Edmonton - October 23, 2013 - It sure wasn't looking promising on the scoreboard after twenty minutes of play but at the end of sixty minutes, the Edmonton Oilers found a way to ge the job done.
On the strength of second and third period goals from the defensive pairing of Ladislav Smid and Jeff Petry, the Oilers managed to end their six-game road trip in style with a come from behind 4-3 victory over the Montreal Canadiens.
Mark Arcobello continued to impress and keep his critics shaking their collective heads in disbelief, picking up another pair of assists on the night, while both Jordan Eberle and Ryan Nugent-Hopkins followed suit with two point efforts of their own. Rookie forward Tyler Pitlick made his NHL debut, playing just under twelve minutes and not looking the least bit out of place on a line with Boyd Gordon and Ryan Jones.
While the shot clock looked completely out of whack and in favour of the Habs, 14-8, heading into the first intermission, in reality it had more to do with a complete collapse by the Oilers in the final moments of the frame.. With just under five minutes to go in the opening stanza, the Canadiens held 6-5 edge on the shot clock and Devan Dubnyk had been called upon to make one great pad stop off Brendan Gallagher roughly five minutes in.
Outside of that, Edmonton had kept Montreal at bay for much of the period. Over the final 4:44, the visitors managed to not only get out shot 8-3 but also outscored 2-0 in what was roughly a span of ninety seconds. It all started courtesy of the Nugent-Hopkins line, as the trio of Eberle, RNH and Nail Yakupov proceeded to cough up the puck four times in just over a minute and a half.
With Edmonton unable to get the puck out of their end, Luke Gazdic would eventually pull down Rene Bourque to put the Canadiens on the man advantage, after mysteriously being the guy who jumped on the ice to replace Yakupov, All of six seconds later, Tomas Plekanec had wristed home his fourth of the year to give Montreal a 1-0 lead.
An absolutely god awful giveaway from Ryan Jones would leave Gallagher a wide open lane to net and the feisty winger made no mistake, beating Dubnyk to glove side with a nifty little finish. Just like that, a scoreless game turned into a two goal deficit and Dallas Eakins looked as though he was ready to blow.
Whatever the rookie coach said between periods worked, as the Oilers came out refocused and with a purpose to the start the second. Dubnyk would be called upon to make a couple of more key stops to keep Edmonton within striking distance and mere seconds after getting a piece of Alex Galchenyuk's point blank opportunity, his teammates would reward their goaltender for his timely work.
Ales Hemsky would slip a shot through Carey Price at the 12:50 mark that the Canadiens starter would likely love to have back. Unfortunately for Price, there would be no mulligan coming his way but Edmonton was just getting started. From the point on it would be all Oilers. It got so bad at one point that you all most forgot what Dubnyk looked like down at the other end of the rink.
Smid what get Edmonton back on level terms with just under four and a half minutes to go, as the stay at home defender pounced on a juicy rebound, after the Nuge was turned away on what was a decent look from the slot. The goal was Smid's first in twenty-four games and gave the Oilers all the momentum moving forward.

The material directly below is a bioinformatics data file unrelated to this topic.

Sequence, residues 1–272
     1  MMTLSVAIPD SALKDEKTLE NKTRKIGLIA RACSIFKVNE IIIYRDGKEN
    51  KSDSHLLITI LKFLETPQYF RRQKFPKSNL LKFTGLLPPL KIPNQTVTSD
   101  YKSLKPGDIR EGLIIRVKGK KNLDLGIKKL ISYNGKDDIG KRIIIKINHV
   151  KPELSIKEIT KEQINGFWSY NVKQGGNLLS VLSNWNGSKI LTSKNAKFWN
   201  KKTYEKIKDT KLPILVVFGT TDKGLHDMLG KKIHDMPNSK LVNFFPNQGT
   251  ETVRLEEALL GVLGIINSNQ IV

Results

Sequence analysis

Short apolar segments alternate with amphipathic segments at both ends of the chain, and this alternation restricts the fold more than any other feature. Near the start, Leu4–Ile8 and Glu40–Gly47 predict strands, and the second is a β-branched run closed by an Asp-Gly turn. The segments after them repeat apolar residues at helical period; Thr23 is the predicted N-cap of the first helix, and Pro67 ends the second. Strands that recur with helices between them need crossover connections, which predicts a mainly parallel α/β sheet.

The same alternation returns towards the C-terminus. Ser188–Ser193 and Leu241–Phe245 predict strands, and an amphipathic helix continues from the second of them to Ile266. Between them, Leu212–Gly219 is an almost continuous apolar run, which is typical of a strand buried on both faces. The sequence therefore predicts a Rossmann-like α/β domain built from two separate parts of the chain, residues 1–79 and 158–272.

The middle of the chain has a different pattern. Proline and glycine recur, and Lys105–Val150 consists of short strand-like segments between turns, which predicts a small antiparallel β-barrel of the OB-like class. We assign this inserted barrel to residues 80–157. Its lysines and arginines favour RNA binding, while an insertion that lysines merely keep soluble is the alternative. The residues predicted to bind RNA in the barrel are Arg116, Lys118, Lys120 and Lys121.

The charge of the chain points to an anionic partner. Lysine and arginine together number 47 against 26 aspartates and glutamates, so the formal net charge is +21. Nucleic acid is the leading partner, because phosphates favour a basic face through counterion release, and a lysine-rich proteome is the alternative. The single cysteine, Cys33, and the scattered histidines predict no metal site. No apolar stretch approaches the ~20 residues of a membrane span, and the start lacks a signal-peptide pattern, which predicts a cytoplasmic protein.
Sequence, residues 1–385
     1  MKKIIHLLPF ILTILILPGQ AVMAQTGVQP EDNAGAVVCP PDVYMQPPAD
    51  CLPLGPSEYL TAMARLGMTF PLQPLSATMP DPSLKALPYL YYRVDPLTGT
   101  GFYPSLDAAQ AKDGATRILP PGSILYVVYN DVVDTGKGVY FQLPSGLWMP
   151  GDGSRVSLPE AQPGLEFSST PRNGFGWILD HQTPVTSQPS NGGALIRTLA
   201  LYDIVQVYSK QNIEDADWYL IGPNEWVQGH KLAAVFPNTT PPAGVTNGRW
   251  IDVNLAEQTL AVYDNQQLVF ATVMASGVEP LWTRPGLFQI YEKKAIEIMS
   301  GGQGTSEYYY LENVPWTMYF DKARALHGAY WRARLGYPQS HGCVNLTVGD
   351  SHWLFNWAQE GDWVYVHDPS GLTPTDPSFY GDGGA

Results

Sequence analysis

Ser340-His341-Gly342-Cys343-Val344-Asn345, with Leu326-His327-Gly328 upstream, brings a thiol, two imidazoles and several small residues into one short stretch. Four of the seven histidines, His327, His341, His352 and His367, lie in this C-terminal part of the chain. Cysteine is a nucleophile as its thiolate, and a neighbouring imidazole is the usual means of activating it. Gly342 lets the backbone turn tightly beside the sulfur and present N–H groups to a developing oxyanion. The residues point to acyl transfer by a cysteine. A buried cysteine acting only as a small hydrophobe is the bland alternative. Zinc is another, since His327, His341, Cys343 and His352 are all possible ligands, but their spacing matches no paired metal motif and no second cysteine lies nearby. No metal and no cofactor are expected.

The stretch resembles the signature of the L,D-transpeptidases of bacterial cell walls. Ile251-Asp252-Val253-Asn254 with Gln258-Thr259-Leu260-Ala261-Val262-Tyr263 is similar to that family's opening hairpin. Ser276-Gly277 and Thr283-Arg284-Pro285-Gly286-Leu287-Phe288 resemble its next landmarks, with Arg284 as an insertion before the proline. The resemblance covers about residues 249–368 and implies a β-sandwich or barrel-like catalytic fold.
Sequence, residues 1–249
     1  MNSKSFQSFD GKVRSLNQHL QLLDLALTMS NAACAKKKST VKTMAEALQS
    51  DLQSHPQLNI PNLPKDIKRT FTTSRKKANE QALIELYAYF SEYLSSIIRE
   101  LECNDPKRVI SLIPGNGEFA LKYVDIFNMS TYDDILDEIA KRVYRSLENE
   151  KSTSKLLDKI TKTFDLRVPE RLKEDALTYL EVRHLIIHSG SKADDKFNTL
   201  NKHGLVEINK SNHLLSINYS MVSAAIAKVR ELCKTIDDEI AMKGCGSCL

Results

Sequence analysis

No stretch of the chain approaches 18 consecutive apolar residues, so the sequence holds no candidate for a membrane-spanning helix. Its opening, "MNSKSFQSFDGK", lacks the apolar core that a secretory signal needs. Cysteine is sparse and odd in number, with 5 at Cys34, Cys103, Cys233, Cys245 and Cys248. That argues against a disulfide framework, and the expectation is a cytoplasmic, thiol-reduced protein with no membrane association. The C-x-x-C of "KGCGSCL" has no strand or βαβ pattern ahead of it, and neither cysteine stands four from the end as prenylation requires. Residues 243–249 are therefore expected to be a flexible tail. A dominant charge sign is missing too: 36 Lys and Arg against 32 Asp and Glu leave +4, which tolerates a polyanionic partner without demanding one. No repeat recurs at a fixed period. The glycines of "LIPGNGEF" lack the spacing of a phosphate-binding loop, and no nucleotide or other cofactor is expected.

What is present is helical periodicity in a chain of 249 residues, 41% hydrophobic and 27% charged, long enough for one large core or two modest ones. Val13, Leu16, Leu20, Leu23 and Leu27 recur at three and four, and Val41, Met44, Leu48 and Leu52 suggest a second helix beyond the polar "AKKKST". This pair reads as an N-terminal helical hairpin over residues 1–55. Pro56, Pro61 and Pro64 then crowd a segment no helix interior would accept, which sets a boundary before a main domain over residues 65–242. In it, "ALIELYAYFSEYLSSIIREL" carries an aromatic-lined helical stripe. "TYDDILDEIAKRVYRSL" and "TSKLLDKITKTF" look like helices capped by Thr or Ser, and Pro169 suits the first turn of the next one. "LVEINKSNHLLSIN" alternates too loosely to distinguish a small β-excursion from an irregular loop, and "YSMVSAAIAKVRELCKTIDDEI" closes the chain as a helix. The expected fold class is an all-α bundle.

They would carry that momentum into period three, as Petry would pot his second of the year courtesy of a lovely give and go with Nugent-Hopkins and the two teams playing four aside. Eberle started the entire sequence in the Oilers zone, kicking the puck up to a streaking Petry and sending the duo on their way.
Jones would increase the lead two minutes later, notching his first of the year into a yawning cage, after yet another ugly rebound from the Canadiens staring netminder. After basically handing Montreal their second goal on the night, scoring what turned out to be the eventual game-winner had to be sweet for the Oilers #28.
Montreal would make it look a little more respectable on the scoresheet when Brian Gionta slipped one past Dubnyk with less than two seconds to go but in the end it was nothing more than a goal for the Canadiens captain to pad his stats with.
Prior to the game, Montreal forward Lars Eller created a bit of a stir with the following comments he made about what it's like playing against a team like the Oilers.
"It's hard to say. It can be anything, you know? They play a little bit like a junior team, I think, sometimes," he said when asked what the Canadiens could expect from the Oilers. They take a lot risks, a lot of chances. They’re a little all over the place. There’s not a lot of structure always in their game. It can really be anything. You don’t know. I prefer a little more structured game. Then again, I don’t mind high-scoring games, too. Obviously, we’re going to try with their skilled players to limit their chances."
Obviously some fans took offense to the statement but in all honesty, Eller's description was pretty much dead on. That said, Eakins wasn't impressed with the comments and couldn't resist taking a shot at the Habs young forward in his post-game press conference.
"When you have a player like Lars Eller running his mouth before the game, it makes for great banter in our dressing room, and a great motivation. So we thank Lars Eller for his comments before the game. Awesome."
Considering how badly the first four games of the Edmonton Oilers six-game road trip went, one would have to say the word "awesome" accurately describes how the final two turned out. Of course, the one exception being losing Taylor Hall for the next month so